ALISE 2002 (New Orleans, January 15-18, 2002)

SIG Curriculum

Conveners: Marija Dalbello (Rutgers) & Jane Robbins (Florida State University)

Panel Title: DIGITAL LIBRARY EDUCATION: COAGENCY FOR THE CONVERGENCE OF DISCIPLINES, PRACTICES AND TOOLS

Description: In developing their curricula to harmonize a multi-disciplinary academic field with a dynamic field of application, we examine how LIS schools are currently shaping digital library education in their curricula. Digital and digitalized libraries have been stimulating almost a decade of advocacy,innovative research, and development efforts. The panelists will focus on the convergence of disciplinary approaches (humanities / social sciences / science & technology) in interpreting the phenomenon of digital library in their curricula; they will provide an insight into the existing paradigms defining digital library education. The panel will offer an insight into alternative approaches, practical applications and obstacles in integrating digital library education into their curricula. Panelists: J. Stephen Downie and Carole Palmer (Illinois), Colleen Cool (Queens), Paul F. Marty (Illinois)

 

J. Stephen Downie and Carole Palmer (Illinois): Integrating Digital Libraries across the Curriculum

Historically GSLIS has not built curriculum or developed courses based on types of libraries. Our philosophy has been to ground courses in themes, principles, subject areas, skill sets, and broad based user communities that have wide applicability across the information professions. For instance, we teach information consulting, not corporate librarianship--it draws students with interests in business, engineering, and specialized research information services. Our students build their programs around their specialized interests, which *are* often focused on type of library.They have ongoing opportunities through their projects and assignments to build up expertise that fit their educational goals. Therefore, faculty might advise a program of study for digital librarianship, but there are no formalized courses that would be included beyond the standing core.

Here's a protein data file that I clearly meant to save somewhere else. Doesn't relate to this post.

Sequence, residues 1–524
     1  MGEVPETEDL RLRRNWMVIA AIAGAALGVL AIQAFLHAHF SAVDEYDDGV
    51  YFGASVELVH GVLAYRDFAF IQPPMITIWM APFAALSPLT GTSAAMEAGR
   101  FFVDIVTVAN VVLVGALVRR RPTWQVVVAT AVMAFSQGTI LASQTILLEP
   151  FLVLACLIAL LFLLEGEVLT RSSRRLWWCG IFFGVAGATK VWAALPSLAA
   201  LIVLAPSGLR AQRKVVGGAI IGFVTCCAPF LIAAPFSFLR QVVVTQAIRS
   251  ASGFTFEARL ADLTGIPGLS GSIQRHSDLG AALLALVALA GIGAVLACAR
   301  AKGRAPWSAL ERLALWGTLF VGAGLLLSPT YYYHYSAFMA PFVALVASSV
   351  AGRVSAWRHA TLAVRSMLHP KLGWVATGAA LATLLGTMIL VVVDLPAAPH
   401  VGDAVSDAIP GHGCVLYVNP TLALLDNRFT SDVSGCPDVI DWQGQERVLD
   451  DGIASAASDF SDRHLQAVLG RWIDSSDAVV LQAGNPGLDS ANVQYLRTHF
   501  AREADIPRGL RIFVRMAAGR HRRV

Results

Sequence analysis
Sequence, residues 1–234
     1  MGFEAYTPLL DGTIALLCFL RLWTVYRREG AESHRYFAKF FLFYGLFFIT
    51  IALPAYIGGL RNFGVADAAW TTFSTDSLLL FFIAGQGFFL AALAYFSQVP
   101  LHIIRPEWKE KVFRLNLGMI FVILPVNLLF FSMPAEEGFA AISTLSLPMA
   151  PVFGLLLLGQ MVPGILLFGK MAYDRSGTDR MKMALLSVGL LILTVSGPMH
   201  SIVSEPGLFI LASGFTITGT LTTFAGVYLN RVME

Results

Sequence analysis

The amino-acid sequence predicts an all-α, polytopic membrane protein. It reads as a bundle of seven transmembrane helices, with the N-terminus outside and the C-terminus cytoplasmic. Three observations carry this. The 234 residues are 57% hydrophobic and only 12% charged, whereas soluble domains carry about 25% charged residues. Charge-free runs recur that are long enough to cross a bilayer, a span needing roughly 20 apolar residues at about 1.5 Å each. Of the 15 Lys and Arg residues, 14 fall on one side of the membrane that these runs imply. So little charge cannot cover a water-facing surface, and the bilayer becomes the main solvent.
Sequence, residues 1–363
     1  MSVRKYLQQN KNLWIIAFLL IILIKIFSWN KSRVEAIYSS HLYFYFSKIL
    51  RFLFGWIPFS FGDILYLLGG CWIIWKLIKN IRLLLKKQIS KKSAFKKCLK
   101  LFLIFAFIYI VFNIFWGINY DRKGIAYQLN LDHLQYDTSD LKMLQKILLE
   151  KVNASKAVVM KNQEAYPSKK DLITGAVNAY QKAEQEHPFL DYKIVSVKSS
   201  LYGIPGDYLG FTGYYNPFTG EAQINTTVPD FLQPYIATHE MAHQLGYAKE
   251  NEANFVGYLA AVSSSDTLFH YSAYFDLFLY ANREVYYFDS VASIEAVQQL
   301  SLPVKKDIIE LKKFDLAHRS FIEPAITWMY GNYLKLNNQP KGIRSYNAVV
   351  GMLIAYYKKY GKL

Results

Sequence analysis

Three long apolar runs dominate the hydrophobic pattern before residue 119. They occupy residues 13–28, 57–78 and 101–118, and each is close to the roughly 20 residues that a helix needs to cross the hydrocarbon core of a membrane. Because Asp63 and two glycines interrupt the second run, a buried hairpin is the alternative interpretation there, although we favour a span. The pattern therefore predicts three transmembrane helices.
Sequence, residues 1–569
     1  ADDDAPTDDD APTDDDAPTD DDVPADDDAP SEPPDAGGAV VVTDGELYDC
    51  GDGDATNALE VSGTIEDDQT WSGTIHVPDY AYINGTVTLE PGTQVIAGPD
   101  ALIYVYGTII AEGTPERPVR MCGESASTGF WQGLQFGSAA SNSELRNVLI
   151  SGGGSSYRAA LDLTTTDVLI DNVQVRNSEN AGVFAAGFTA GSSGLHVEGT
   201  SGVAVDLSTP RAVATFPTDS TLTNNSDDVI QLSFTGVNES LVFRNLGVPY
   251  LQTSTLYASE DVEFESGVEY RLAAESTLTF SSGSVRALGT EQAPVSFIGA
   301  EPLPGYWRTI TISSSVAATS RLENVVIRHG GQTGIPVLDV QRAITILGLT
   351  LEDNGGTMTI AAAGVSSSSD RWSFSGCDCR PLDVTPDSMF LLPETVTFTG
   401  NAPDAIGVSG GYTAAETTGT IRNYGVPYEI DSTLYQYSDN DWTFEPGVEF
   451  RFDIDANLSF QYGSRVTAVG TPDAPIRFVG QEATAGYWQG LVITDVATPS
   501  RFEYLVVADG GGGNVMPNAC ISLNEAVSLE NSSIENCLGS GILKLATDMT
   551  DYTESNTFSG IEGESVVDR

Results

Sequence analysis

Our digital library curriculum has evolved within this model, integrated across the curriculum. We have never had a faculty member propose a "digital library" course, yet, because DLs are a prevailing focus in the professions, we have many courses that are largely devoted to the development of digital libraries. Moreover, our distance education program (LEEP) continually brings students and faculty face-to-face with the technologies and issues involved in providing information resources and services via the Web. The DLI1 initiative and other digital library research projects at UIUC provide rich learning environments and sites of study for many of our courses and student projects.

Changes in our curriculum have emerged from the faculty's shared assumption that most, if not all, of our graduates will need to have their expertise to build and manage digital libraries. The courses and the research initiatives in the school provide an environment that promotes that educational goal, even where students have differing conceptions of what digital libraries might be and what their roles will be in them when they enter the field after graduation.

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Colleen Cool (Queens): Integrating Digital Library Education into the MLS Curriculum

The speaker will discuss differences between digital library education at the MLS and Ph.D. levels, and describe the development of the course in digital libraries currently offered at Queens College.

 

Paul F. Marty (Illinois): Museum Informatics and LIS Education

This talk will address the question: "How should LIS educators prepare students to play a pivotal role as managers of information resources in the digital museum?" It will discuss existing strategies designed to train museum information managers, the relative importance of information management in museums today, and what can be done to improve efforts in both of these areas. It will explain why and how LIS programs should take the initiative in training and positioning future information managers in museums. Examples will be drawn from a course on museum informatics developed and taught at the Graduate School of Library and Information Science, University of Illinois atUrbana-Champaign, in Fall 2001.

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Last revised: December 8, 2001
Comments to: dalbello@scils.rutgers.edu